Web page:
Evaluation of Zygomycosis Cases by Pooled Analysis Method Reported from Turkey

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MIKROBIYOLOJI BULTENI, vol.47, no.4, pp.708-716, 2013 (Journal Indexed in SCI) identifier identifier identifier

  • Publication Type: Article / Article
  • Volume: 47 Issue: 4
  • Publication Date: 2013
  • Doi Number: 10.5578/mb.5836
  • Title of Journal : MIKROBIYOLOJI BULTENI
  • Page Numbers: pp.708-716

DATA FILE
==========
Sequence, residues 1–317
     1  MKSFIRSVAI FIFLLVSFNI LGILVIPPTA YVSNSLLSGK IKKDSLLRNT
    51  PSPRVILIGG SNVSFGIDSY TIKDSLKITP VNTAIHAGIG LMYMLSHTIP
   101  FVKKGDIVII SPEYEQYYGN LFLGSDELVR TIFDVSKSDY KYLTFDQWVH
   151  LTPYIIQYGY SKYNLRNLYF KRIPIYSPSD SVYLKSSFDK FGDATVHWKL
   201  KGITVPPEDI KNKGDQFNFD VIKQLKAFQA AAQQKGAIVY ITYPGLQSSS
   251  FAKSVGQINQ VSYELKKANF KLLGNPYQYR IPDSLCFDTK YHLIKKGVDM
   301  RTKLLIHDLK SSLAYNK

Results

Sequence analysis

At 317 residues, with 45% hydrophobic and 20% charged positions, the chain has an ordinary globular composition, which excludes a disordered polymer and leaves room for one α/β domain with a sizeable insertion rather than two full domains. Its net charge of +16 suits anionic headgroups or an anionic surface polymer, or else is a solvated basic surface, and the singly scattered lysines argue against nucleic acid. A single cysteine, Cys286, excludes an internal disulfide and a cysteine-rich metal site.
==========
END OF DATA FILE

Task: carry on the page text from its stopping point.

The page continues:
Zygomycosis is a rapidly-progressive invasive fungal disease with high mortality rates. Mucor, Rhizopus, Rhizomucor and Absidia species classified in Mucorales order, are the main causative agents of zygomycosis. Uncontrolled diabetes, hematologic malignancies, long term corticosteroid use and immunosuppressive therapies are the main predisposing factors for mucormycosis. In this study, we aimed to evaluate the mucormycosis cases from Turkey published in national and international databases in the last 17 years by means of age, gender, co-morbidities, signs and symptoms, diagnostic methods, therapeutic modalities, and mortality rate by pooling analysis. In our study, two national (http://uvt.ulakbim.gov.tr, http://www.turkmedline.net) and two international (www.ncbi.nlm.nih.gov, http://apps.webofknowledge.com) databases were used. A total of 64 manuscript (34 from national and 30 from international databases) published between 1995 and 2012, which were eligible for the study criteria and accessible as full text were included in the study. A total of 151 mucormycosis patients (71 female, 80 male; mean age: 45.4 +/- 21.4 years) from these studies, with definitive diagnosis of invasive fungal infections according to the criteria of European Organization for Research and Treatment of Cancer (EORTC) have been evaluated. Of 151 patients 91(60%) were diagnosed as rhinocerebral, 42 (%27.8) were sinoorbital, 7 (4.6%) were pulmonary, 6 (3.9%) were disseminated, 3 (1.9%) were skin, and 2 (1.3%) were gastrointestinal mycormycosis. The most common symptoms and signs were; swelling of eye and face (n = 95, 63%), fever (n = 72, 48%), nasal obstruction (n = 60, 40%), headache (n = 58, 38%) and opthtalmoplegia (n = 48, 32%). The most common co-morbidity was diabetes (49%) followed by hematological malignancies (39.7%). Mycological cultures were performed for 82 patients, and fungal growth were detected in the clinical specimens of 51 cases. The distribution of strains isolated in culture were as follows: Mucor spp. (n = 19, 37.2%), Rhizopus spp. (n = 13, 25.5%), Zygomycetes (n = 9, 17.6%), Rhizopus oryzae (n = 4, 7.8%), Rhizopus spp. + yeast (n = 3, 5.9%), Rhizomucor spp. (n = 2, 3.9%) and Rhizosporium spp. (n = 1, 1.9%). In 133 patients, histopathological investigation and in 126 patients radiological examinations were performed for diagnosis. Both surgical debridement and antifungal therapy were employed in 115 patients. Four patients had received only surgical debridement and 30 only antifungal therapies. Classical amphotericin B (AMP-B) therapy for 77 cases, liposomal AMP-B for 60 cases, liposomal AMP-B + posaconazole for six cases and lipid complex AMP-B for two cases have been started as antifungal therapies. Total mortality rate was detected as 54.3% (82/151). In conclusion, despite new diagnostic tools and therapeutic agents, mortality rates in mucormycosis are still very high. For the management, mucormycosis should be considered early in risky patients, and surgical debridement together with effective antifungal therapy should be applied as soon as possible.